Robert Koch

German physician, bacteriologist (1843–1910)

Robert Koch (11 December 1843 - 27 May 1910) was a German doctor.[1] He won the 1905 Nobel Prize in Physiology or Medicine, for studying tuberculosis.[2]

Robert Koch
Robert Koch
BornDecember 11, 1843
DiedMay 27, 1910
Baden-Baden, Germany
Alma materUniversity of Göttingen
Known forTuberculosis
AwardsNobel Prize in Physiology or Medicine (1905)
Scientific career
InstitutionsInstitute for Infectious Diseases, Berlin, Germany

The Royal Prussian Institute for Infectious Disease started in 1891, is now called the Robert Koch Institute.[3]

Koch's postulates


Koch developed a system to check whether a microorganism caused a disease. The system was four questions, known as Koch's postulate. Koch's postulates are the following:

  1. The micro-organism must be common in all organisms with the disease, but absent from healthy organisms.
  2. The microorganism must be isolated from a diseased organism and grown in pure culture.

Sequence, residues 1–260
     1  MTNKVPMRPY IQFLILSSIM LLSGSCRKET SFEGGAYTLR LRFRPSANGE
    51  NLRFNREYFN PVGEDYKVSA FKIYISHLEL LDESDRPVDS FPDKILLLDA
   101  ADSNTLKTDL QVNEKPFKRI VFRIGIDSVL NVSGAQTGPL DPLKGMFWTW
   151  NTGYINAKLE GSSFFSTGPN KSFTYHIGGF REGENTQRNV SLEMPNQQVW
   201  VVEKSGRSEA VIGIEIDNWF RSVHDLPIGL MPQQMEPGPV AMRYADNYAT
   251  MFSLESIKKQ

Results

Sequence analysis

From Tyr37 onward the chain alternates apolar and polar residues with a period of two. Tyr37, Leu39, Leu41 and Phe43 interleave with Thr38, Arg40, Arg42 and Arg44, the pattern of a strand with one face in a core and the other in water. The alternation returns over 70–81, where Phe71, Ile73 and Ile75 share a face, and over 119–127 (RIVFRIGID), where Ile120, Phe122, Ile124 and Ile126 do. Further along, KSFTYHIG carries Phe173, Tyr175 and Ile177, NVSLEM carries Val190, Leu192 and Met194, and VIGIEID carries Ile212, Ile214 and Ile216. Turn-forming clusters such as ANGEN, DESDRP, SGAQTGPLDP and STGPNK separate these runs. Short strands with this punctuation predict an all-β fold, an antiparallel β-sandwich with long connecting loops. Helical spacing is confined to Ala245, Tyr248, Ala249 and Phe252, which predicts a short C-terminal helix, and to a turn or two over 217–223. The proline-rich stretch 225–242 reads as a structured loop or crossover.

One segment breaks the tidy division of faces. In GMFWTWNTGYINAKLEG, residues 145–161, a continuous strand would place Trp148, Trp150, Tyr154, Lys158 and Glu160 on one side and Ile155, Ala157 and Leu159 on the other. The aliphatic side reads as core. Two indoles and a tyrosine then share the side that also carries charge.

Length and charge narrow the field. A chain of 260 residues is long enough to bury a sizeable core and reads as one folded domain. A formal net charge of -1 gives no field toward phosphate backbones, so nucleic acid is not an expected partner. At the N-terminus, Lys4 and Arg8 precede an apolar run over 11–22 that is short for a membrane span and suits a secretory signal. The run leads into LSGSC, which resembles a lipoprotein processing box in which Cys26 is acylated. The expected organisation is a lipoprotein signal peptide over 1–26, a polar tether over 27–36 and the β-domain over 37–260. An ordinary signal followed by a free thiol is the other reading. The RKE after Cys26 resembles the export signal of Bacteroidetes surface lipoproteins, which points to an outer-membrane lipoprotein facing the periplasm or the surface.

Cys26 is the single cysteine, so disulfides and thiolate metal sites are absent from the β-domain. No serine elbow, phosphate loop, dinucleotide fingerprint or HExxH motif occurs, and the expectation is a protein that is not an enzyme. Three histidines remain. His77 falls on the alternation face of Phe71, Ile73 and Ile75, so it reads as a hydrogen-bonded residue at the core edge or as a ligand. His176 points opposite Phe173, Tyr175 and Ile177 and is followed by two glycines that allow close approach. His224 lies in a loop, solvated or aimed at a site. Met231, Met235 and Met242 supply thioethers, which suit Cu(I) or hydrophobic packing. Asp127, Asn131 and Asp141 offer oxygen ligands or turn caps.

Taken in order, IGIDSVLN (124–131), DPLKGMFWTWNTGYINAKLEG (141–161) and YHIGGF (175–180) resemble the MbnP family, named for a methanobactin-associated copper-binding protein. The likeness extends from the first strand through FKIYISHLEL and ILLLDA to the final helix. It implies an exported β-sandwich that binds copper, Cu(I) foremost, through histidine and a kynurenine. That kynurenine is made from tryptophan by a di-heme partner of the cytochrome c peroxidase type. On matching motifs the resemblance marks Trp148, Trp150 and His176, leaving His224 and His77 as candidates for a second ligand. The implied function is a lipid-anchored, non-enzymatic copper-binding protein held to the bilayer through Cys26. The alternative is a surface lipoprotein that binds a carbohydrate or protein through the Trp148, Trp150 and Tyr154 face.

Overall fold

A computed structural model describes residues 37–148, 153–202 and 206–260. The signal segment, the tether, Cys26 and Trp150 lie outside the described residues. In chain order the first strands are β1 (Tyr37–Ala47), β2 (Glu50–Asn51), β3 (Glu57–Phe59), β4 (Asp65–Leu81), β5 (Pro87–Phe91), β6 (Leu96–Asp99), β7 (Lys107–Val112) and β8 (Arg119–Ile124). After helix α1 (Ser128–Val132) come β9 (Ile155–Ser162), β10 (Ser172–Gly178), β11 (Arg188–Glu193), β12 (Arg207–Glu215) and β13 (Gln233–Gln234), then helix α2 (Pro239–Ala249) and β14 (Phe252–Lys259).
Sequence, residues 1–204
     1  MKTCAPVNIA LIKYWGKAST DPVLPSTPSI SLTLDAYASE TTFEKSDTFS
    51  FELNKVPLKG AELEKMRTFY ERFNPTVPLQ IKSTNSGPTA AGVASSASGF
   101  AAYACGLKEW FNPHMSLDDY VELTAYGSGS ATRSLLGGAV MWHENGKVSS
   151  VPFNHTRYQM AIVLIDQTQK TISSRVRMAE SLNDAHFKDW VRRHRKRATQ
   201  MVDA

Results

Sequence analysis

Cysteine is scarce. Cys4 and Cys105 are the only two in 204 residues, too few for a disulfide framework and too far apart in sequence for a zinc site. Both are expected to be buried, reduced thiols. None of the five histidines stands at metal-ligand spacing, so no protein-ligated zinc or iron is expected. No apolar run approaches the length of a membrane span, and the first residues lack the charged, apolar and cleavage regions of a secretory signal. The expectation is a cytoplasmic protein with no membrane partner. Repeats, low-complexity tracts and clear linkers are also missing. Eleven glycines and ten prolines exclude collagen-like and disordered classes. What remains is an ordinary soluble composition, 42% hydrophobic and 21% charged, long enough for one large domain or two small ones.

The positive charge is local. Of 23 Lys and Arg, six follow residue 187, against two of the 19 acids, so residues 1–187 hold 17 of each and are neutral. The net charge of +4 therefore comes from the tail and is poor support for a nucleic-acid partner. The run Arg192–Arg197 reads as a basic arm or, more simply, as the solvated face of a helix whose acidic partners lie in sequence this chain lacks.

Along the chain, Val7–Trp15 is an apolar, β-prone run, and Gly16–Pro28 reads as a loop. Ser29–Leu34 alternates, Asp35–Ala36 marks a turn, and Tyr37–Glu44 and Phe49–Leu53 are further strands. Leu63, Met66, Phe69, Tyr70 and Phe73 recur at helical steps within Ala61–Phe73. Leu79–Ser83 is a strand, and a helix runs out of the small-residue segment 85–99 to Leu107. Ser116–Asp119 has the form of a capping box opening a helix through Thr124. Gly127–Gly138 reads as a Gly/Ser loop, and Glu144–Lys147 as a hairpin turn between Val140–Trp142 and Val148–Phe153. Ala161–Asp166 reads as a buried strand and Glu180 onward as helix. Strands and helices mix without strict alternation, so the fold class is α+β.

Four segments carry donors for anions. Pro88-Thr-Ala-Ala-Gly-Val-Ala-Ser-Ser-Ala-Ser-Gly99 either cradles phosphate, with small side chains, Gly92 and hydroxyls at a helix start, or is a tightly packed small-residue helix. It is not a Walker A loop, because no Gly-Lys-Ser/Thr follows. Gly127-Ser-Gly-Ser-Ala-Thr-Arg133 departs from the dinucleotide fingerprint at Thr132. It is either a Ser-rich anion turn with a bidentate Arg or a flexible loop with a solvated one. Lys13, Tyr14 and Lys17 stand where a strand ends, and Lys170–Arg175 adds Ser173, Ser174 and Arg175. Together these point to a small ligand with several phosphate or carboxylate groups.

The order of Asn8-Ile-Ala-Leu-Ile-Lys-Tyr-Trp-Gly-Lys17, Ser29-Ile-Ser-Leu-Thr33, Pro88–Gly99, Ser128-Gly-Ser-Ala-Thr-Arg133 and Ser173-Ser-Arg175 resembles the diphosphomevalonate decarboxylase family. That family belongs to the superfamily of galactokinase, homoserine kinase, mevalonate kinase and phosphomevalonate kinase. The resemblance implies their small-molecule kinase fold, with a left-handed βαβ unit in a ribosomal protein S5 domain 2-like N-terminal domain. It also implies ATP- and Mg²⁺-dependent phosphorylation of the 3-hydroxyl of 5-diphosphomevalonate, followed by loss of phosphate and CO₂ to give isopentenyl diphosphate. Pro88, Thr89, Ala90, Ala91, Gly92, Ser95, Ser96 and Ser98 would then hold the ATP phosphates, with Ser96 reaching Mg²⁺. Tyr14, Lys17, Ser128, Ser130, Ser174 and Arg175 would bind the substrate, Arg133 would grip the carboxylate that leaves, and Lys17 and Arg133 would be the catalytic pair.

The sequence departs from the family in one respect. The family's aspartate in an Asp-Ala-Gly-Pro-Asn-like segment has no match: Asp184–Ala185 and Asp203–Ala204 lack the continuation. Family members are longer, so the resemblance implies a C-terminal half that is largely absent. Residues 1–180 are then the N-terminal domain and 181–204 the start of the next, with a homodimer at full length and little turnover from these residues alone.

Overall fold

3. The cultured microorganism should cause disease when introduced into a healthy organism.
  4. The microorganism must be taken from the inoculated, diseased experimental host and shown to be identical to the original one which caused the disease.

The postulates are still useful. Many variations have been developed.

Other websites



  1. "Biography of Robert Koch". The Nobel Foundation. Retrieved 2009-01-05.
  2. "The Nobel Prize in Physiology or Medicine 1905". Nobel Foundation. Retrieved 2007-07-28.
  3. "RKI Homepage". Retrieved 2009-04-01.[permanent dead link]